I just ate a bowl of beets for lunch, and you know what? I’m full and happy.
For years and years and…well, let’s be honest here–for well over a decade, I never really knew what it was to be satisfied. I ate so much, but even when I was distended and uncomfortable and considering making myself throw-up just to feel a little bit better, I still wanted more. I don’t really remember a day that I ate a plate of food, sat back and said, “I’m done. I’m good.” I always wanted seconds of something–in retrospect, it was usually whatever had the most carbohydrates–and I always wanted dessert. Always.
Do you get me here? Do you understand what that was like? If you do, I am sorry, because it sucked. It sucked SO MUCH.
Then, a few months ago, when I started playing with paleo, I suddenly learned what it was to be done eating and OK with it. I had been weening myself off of sugars for a few weeks the first time I really noticed it was happening. It was a Saturday night, I was going out with friends in the evening, and I didn’t have much time to throw together a meal for myself. So I just steamed a bunch of broccoli real quick, and reheated some grilled chicken. I ate my sad little dinner in about 4 minutes…and I was full. Not stuffed, but no longer hungry. And even better, I wasn’t sitting there thinking, “You what would be really good right about now? Ice cream or garlic bread or 17 Reese’s cups.” I was totally and completely satisfied. Mind=BLOWN
When I eat a healthful, low or no sugar meal, I get to enjoy that feeling. It is only when I allow myself unfriendly foods that I backslide into the hell that is over-fullness and still wanting more More MORE. Last night at a family gathering I was being “good”: I ate a big salad, some fruit, a couple bites of sub-par pasta salad, and I was pretty much done. But–oh, of course there’s a but, there’s always a but–then the cheesy potatoes came out of the oven. And then the cake was served. (THIS is the problem with having a large Italian family that gets together all the time) And in true Pamela form I caved.
Why, oh why, do I always fucking cave?
It was the only meal I ate yesterday, so I didn’t completely screw myself, but I did leave that party feeling…blah. Just too full. And I had cake on the brain the rest of the night.
[Christ, do I hope this is the last time I have to write about losing another battle against sugar. I know eventually I will win the goddamn war, but I just have too many tales of defeat.]
But then today, I eat my eggs for breakfast and BOOM! Full. Four hours later I’m not yet truly hungry but I know I should eat so I enjoy a bowl of roasted beets, enough that my tongue turns a lovely shade of magenta, and I am totally satisfied. It’s such a fabulous feeling.
Since going (mostly) paleo, I can make a meal of such simple things and truly enjoy it. A green salad with thinly sliced beef and just a little bleu cheese: killer and filling. A can of tuna (yeah, freaking tuna) with capers, red pepper, and celery: perfect and I’m perfectly full. When I roast a head of cauliflower, I need nothing else. (That said, I will pair it with a lovely protein, but the point is, I don’t need to to feel satisfied.) In fact, roasted cauliflower may be my very favorite food now. Shall I share my recipe?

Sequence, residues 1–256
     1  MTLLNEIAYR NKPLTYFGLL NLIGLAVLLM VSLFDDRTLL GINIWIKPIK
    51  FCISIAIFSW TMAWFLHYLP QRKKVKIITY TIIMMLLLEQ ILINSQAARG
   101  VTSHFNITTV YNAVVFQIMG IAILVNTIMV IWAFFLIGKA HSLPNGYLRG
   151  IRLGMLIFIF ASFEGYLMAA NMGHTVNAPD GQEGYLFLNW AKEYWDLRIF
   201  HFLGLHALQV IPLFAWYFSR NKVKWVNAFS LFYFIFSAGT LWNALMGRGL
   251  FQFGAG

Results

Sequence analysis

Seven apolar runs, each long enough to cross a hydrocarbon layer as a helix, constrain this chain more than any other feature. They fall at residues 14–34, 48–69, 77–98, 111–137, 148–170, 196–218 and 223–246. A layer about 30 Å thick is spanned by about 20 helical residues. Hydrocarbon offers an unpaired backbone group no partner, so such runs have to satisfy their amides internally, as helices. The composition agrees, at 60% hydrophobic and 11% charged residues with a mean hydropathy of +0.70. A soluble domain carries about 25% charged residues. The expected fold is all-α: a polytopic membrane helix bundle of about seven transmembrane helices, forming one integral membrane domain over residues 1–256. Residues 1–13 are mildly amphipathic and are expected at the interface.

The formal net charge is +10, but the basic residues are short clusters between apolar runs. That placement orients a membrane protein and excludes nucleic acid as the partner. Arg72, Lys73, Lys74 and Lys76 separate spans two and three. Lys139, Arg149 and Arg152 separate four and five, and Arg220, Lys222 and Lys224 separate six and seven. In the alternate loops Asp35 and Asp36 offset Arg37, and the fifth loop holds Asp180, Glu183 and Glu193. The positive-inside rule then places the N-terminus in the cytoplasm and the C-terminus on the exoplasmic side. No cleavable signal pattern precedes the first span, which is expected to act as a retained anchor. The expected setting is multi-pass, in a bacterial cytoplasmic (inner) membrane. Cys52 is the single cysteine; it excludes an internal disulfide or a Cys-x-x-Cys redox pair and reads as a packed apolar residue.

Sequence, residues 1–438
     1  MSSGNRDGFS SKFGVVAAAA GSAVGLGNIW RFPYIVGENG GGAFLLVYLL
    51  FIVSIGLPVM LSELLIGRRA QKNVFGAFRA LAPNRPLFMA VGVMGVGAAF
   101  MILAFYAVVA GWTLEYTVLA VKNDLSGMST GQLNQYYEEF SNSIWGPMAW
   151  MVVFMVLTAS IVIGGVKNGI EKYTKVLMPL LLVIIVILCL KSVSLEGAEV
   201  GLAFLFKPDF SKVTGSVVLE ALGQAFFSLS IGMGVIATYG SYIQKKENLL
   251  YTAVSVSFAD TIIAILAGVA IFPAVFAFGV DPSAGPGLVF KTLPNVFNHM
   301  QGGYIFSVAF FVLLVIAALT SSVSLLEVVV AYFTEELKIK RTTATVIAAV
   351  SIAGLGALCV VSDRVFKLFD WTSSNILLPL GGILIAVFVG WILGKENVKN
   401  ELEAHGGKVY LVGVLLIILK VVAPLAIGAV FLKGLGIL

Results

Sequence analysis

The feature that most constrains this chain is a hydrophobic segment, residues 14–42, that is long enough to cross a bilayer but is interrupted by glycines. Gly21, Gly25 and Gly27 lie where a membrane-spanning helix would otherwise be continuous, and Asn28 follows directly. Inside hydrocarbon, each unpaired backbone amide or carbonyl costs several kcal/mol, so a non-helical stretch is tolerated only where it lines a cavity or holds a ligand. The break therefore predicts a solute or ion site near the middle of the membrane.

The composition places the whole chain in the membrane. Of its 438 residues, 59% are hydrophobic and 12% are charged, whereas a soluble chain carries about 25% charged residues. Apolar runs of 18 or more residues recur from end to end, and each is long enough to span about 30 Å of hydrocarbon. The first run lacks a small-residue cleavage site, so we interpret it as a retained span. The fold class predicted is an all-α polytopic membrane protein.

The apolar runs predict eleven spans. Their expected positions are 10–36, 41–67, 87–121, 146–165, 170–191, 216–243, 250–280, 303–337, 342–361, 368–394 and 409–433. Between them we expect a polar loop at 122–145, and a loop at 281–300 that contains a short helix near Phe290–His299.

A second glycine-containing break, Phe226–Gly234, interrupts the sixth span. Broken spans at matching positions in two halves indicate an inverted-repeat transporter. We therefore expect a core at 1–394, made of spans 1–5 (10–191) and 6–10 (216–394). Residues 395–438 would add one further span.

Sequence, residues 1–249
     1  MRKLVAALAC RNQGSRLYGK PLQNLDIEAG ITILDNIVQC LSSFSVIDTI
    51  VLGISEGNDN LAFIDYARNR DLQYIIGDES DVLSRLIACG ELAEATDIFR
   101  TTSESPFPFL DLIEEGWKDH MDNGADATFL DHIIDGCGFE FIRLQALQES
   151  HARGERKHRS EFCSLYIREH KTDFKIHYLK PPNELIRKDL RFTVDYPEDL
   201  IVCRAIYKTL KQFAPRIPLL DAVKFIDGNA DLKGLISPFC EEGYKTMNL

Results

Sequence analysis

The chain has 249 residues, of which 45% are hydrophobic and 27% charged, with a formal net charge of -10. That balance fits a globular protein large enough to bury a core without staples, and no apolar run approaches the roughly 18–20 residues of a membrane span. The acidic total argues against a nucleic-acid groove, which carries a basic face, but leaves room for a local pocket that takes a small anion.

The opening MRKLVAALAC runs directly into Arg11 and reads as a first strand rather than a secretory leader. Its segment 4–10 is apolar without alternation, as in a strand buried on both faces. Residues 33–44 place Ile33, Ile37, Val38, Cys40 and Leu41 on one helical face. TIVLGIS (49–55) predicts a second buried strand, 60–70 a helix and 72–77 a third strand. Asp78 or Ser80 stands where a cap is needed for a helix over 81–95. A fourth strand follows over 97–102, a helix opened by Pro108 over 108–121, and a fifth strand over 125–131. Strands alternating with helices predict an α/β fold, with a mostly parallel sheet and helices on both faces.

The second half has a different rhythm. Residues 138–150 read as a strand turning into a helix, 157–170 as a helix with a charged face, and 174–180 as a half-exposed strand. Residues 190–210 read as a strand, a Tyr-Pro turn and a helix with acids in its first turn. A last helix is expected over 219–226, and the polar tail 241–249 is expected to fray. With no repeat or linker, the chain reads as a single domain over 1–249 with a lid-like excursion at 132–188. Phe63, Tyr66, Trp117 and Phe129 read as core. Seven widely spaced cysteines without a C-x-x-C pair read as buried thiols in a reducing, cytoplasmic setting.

OK, twist my arm, why don’t you.
1 large head of cauliflower, cut into florets
1 tablespoon of extra virgin olive oil
1 teaspoon kosher salt, at least
1/2 teaspoon freshly ground black pepper
Note: Just the above ingredients together are fabulous but I add these additional seasonings for something a bit more special.
1/2 teaspoon garlic powder
1/4 teaspoon cumin (freshly ground if possible)
1/4 teaspoon ground coriander
1/8 teaspoon tumeric
Preheat your oven to 450 degrees. Toss your florets in the olive oil and spread on a baking sheet OR grease the baking sheet with half of the oil and drizzle the rest over the cauliflower (I prefer the second method because you may end up using less oil–gotta watch those omega 6s). Evenly sprinkle the cauliflower with seasonings (and by all means, try any seasoning you like!) but be sure to be generous with the salt. Then pop the baking sheet into the oven until you can smell the cauliflower (it’s a great, nutty aroma, you’ll know it when you smell it), or about 15 minutes. Turn the florets, and then bake another 10-15 minutes, or until evenly browned. The more browned they get, the more condensed the flavor gets, but then the texture is less al dente. So kinda play with the recipe until you find what works best for you. Finally, eat, love, be satisfied.
It’s moments like this when I don’t understand why I bother with sugar. I mean, OK, sometimes it’s just worth it, (I will probably go to Inn Season cafe for the world’s best chocolate mousse on my birthday) but normally it’s just…not. I feel so much happier in brain and body when I eat my simple paleo-friendly foods than I do when I ingest even small amounts of sugar. I need to remind myself in those pathetic moments when I’m considering allowing my addiction to rule my actions that I will feel so much better if I resist the carbohydrate siren call. I need to remind myself of how I feel right now: happy and satisfied…and proud of my purple tongue.